who is now four and as rambunctious, curious, and sweet as could be.

Yet, we still had this promise, this word, this hope for a son. In no way did this diminish our love or joy for the miracle that was Eliana. We knew God blessed us richly with her and would be satisfied if we only have had her.

But a glimmer of hope began to peak up in our hearts. We thought about having two children, maybe more depending on how God blessed us. And so we started trying again, and again, and again.

Quickly, we were back in that old pattern of saying, maybe next time. The pain of waiting 27, 28, 29 days only to have the cycle start again. I held out hope, optimistically believing this could be the month only to have those empty hopes come crashing down again and again.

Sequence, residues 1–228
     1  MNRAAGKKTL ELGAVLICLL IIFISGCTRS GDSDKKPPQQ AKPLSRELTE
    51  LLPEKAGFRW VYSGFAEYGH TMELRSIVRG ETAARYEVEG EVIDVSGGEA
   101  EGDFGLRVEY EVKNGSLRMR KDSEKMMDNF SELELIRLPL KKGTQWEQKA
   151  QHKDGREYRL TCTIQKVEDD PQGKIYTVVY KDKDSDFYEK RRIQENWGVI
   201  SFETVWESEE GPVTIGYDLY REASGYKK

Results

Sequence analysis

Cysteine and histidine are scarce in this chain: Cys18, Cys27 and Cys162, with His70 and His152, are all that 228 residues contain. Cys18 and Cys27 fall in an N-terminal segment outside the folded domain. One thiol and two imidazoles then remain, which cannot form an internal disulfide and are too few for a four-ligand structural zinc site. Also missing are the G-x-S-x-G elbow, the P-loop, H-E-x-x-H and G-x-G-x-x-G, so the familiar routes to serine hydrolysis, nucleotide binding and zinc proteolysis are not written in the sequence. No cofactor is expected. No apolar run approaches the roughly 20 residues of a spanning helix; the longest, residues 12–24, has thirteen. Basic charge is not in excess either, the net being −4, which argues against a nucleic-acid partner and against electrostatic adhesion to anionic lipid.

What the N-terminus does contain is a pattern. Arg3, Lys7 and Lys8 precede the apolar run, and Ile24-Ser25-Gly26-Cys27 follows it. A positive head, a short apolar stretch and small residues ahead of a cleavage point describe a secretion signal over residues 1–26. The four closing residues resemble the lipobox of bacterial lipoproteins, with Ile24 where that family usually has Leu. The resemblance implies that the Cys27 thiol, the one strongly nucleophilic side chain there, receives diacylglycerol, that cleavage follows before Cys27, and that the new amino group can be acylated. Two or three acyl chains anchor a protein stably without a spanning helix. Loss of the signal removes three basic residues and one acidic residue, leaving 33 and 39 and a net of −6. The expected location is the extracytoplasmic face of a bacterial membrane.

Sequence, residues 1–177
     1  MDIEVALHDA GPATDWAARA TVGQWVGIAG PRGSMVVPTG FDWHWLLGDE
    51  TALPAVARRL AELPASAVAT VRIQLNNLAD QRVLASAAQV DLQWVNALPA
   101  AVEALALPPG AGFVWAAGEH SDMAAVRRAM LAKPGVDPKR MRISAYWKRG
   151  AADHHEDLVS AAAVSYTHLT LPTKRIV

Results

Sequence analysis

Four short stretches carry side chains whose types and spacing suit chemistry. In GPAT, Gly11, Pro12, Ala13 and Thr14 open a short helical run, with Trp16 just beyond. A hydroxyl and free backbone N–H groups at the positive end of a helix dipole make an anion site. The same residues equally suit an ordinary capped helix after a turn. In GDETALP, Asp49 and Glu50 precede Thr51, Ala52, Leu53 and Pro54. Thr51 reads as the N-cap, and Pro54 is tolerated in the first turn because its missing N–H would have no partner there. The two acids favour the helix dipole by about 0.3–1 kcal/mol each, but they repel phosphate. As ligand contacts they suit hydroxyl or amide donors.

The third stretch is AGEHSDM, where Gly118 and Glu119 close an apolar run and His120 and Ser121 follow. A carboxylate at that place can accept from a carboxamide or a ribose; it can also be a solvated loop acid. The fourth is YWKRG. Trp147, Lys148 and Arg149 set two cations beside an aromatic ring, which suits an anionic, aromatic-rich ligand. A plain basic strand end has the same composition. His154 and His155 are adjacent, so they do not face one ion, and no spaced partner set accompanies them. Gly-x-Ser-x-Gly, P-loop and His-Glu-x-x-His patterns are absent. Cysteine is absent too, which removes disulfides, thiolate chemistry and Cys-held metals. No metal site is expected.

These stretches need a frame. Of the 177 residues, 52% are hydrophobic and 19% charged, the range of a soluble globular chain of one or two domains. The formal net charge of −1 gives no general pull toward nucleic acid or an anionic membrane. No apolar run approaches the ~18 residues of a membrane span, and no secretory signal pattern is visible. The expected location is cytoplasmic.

But we had a promise. We knew that word had come from God. I am not sure how, but we knew that word resonated in our hearts as from God. But now we were nearing our 10-year anniversary. This word was becoming faint as it was nine, long, pain-filled years old.

The picture in my mind of how this word even came at that meeting many years ago was becoming blurry as old memories do. The word and promise was fading, but I was ever-clinging to hope. This thing called having a baby happened once, so surely getting pregnant could happen again. Couldn’t it?

Anything is possible, right.

At the point where hope feels so dim, and you are only reminded of it every 28 days, you start ignoring the longing to have a another child the rest of the time.

I still remember that night when Tina came to me on the couch to share the good news. Since I thought we were waiting one more day before testing, so the surprise pretty much bowled me over. I was speechless and elated all at the same time.